Advent & Christmas

Olivier Messiaen – La Nativité de Seigneur

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On the anniversary of Messiaen‘s death (and in entirely the wrong liturgical season), here’s a recording of his organ cycle, La Nativité du Seigneur, broadcast on BBC Radio 3 a few years ago. What makes the performance particularly special is that the organist is Naji Hakim, Messiaen’s successor at La Trinité in Paris. The performance dates from July 1999, during a festival of Messiaen’s music, and was performed in Westminster Cathedral, London. Read more

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Music for Epiphany and more

Posted on by 5:4 in Advent & Christmas, Miscellaneous, Seasonal | Leave a comment

Yesterday was the feast of the Epiphany, and it strikes me as strange that there is so little music written for Epiphanytide. Advent and Christmastide are overflowing with possibilities, but composers have clearly not been inspired by this season. It might be that it’s been somewhat vague until more recent times; certainly, the Anglican church has only got its structure and approach sorted in the last 5 years. But i think it’s an extremely powerful period of time, especially as it moves towards its conclusion with the Feast of the Presentation (Candlemas) on 2 February. My own Nunc dimittis was intended as an anthem for that occasion, rather than for regular weekday Evensongs, and thankfully it’s only ever been performed as such.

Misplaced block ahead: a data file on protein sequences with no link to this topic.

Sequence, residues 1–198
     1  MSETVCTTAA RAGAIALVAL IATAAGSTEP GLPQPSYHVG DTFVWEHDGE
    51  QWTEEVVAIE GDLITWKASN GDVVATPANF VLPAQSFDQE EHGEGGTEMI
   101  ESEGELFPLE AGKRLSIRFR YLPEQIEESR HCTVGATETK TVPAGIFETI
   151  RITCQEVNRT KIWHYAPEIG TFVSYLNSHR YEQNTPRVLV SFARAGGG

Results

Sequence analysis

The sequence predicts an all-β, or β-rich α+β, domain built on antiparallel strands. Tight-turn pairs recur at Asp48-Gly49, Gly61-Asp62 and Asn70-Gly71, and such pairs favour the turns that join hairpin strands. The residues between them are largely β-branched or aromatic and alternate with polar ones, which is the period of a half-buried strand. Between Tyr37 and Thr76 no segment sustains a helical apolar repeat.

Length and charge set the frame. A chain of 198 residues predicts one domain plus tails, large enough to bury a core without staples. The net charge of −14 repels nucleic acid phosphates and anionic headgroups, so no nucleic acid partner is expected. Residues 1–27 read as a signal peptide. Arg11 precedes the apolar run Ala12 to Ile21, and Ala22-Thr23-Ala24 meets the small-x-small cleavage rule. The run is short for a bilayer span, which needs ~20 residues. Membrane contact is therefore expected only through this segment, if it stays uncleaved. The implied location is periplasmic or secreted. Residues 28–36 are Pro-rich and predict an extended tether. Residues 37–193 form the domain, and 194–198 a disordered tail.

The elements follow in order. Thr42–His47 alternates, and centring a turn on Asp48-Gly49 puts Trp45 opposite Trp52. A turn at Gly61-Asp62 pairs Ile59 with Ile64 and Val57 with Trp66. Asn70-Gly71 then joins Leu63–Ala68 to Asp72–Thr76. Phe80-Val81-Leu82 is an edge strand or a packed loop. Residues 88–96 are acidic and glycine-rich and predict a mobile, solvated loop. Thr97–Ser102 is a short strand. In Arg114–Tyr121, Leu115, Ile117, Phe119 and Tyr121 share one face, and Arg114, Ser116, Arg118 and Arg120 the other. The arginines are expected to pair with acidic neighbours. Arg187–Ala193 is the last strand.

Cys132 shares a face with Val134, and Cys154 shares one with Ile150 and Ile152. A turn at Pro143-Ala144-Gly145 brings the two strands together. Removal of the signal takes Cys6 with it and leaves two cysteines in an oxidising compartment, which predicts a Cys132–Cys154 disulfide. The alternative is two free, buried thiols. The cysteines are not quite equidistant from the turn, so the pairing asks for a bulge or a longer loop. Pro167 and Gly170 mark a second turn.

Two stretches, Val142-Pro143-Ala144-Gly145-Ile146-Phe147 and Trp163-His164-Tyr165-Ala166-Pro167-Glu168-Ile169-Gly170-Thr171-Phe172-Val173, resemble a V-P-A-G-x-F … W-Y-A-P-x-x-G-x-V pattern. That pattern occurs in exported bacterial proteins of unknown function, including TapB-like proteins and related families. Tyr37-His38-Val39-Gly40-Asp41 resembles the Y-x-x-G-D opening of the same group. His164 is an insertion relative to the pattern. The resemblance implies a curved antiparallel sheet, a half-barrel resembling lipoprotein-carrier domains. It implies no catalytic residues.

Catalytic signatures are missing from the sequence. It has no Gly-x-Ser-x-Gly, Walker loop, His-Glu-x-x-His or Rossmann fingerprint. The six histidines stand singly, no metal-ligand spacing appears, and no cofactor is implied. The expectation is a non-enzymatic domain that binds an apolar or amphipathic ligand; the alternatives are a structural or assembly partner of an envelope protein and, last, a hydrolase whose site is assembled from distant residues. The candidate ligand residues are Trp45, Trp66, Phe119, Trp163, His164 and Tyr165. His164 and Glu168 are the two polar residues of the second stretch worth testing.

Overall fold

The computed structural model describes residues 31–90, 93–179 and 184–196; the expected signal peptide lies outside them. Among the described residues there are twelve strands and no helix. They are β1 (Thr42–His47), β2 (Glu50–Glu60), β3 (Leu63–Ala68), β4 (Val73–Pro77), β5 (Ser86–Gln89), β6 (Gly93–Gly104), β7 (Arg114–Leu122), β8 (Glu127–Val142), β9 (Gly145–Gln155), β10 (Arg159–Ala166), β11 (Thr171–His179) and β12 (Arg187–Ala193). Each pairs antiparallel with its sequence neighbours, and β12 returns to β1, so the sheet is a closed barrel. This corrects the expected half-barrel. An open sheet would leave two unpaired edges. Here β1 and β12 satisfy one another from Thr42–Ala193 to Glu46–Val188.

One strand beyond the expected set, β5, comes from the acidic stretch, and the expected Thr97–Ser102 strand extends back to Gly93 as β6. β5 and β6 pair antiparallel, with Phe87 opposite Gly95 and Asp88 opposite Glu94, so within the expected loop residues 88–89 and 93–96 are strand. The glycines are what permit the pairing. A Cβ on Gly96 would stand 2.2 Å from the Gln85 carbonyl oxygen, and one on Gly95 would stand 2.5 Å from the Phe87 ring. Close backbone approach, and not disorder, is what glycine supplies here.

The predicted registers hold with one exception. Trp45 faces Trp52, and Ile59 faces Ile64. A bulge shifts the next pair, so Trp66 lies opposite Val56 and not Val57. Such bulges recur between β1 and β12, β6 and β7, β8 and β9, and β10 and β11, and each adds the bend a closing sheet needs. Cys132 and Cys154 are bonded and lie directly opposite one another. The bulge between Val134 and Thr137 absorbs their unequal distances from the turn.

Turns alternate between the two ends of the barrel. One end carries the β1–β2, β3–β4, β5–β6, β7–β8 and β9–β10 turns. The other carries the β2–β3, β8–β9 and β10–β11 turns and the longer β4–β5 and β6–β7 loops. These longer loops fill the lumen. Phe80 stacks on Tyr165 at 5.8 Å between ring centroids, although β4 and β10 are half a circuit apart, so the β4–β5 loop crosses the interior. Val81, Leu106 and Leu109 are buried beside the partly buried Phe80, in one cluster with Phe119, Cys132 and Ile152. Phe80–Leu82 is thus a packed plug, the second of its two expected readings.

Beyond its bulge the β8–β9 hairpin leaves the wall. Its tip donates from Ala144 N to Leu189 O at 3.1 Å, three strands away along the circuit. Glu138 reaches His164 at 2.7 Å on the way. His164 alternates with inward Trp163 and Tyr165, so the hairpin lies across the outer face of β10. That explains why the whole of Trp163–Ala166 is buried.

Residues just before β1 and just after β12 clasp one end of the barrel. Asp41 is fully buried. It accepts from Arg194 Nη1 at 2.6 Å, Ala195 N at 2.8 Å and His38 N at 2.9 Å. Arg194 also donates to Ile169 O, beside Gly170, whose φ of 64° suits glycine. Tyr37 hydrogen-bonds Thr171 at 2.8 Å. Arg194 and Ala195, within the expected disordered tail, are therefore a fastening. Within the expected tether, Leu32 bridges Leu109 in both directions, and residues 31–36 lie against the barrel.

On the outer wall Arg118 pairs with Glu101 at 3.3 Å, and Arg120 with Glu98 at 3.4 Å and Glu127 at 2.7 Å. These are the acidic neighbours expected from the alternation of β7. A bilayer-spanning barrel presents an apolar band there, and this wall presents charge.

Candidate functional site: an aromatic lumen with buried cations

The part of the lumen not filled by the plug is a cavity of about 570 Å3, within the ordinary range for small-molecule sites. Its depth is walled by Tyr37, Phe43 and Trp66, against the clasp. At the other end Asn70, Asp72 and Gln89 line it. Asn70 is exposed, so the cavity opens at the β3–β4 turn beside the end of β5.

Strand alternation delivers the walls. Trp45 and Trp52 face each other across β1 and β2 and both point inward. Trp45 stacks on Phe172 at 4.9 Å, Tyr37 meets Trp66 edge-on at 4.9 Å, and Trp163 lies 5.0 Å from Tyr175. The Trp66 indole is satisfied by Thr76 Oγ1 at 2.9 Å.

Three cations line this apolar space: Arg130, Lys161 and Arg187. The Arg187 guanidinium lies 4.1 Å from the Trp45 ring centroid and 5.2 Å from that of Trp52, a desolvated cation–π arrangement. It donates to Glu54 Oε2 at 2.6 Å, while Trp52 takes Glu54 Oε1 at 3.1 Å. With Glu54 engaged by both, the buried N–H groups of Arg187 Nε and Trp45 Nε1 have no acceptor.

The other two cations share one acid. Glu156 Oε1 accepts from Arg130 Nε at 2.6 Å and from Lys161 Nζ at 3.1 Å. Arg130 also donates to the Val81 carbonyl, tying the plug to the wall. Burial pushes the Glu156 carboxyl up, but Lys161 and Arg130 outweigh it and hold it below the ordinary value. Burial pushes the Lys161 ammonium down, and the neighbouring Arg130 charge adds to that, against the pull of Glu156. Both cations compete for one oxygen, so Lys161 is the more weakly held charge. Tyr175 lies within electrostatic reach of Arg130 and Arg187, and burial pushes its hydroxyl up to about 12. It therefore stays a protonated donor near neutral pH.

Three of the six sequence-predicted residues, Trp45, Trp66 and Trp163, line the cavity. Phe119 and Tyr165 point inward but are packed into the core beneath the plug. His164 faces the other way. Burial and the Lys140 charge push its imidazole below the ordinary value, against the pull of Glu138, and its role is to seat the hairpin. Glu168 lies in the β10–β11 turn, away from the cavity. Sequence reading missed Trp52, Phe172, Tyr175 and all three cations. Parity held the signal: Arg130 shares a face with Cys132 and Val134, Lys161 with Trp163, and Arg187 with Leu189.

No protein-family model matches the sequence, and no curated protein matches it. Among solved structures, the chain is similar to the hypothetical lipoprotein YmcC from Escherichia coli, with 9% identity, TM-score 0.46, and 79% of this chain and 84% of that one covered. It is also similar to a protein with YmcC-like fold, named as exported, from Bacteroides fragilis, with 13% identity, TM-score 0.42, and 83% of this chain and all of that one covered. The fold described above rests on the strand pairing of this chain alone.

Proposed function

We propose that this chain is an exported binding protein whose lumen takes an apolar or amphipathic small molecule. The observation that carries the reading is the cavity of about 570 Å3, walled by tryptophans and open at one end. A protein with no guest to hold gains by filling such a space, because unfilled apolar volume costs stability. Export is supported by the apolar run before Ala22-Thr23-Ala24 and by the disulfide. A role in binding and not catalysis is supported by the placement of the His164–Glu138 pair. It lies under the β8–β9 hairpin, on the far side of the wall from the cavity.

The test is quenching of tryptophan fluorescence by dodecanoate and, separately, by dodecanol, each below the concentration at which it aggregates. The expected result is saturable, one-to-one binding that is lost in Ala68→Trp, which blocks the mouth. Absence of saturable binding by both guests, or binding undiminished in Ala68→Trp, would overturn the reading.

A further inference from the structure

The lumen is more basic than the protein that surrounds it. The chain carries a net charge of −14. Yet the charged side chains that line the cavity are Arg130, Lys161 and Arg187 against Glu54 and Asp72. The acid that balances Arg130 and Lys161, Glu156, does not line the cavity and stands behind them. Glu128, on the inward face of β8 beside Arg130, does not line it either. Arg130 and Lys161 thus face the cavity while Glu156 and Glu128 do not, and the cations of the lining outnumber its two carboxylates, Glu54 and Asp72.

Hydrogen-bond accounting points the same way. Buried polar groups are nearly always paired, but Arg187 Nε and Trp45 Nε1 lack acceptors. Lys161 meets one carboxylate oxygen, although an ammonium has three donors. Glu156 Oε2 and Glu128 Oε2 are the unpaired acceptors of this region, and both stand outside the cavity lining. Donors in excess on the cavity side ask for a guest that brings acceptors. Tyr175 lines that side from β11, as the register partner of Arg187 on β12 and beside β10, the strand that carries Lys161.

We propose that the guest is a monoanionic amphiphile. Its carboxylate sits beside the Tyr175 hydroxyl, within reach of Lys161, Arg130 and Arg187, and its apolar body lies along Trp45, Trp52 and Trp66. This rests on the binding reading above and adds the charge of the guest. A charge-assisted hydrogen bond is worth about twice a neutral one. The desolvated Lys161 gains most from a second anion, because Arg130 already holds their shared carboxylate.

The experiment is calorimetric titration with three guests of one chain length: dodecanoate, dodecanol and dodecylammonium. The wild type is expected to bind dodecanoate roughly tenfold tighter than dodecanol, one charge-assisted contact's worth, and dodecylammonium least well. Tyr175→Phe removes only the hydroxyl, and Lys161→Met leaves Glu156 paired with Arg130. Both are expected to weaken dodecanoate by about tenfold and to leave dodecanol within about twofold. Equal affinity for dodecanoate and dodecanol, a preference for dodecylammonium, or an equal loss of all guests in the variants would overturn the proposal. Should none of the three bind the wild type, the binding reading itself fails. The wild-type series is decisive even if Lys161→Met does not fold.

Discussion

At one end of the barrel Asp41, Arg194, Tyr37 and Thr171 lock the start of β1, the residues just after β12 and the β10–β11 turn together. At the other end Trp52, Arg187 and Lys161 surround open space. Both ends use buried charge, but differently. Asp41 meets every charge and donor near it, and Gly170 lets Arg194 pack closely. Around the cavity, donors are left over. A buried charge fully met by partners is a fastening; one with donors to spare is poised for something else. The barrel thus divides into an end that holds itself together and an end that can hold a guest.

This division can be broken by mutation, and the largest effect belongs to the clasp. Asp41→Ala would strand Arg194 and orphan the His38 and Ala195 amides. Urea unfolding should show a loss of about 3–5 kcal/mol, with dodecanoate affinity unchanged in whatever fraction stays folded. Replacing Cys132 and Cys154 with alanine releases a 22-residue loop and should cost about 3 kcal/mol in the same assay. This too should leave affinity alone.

Yesterday’s listening was a return to an old favourite: John Oswald. i’ve been interested in him since my early 20s, when i heard a work of his performed by the Kronos Quartet at Birmingham’s Symphony Hall (Mach i believe it was called). His “plunderphonic” style is remarkable, and when i first heard Plexure it produced a similar reaction to Venetian Snares: shock, amusement, bewilderment and exhilaration. But today i was listening to something from his very different, electroacoustic style: his 2003 work Aparenthesi. It’s difficult to believe it’s by the same composer; a gorgeous, intense, patient and rapturous meditation, similar to some of The Hafler Trio‘s work. The slowly-shifting soundscape is surprisingly engaging, and i found myself very moved by it.

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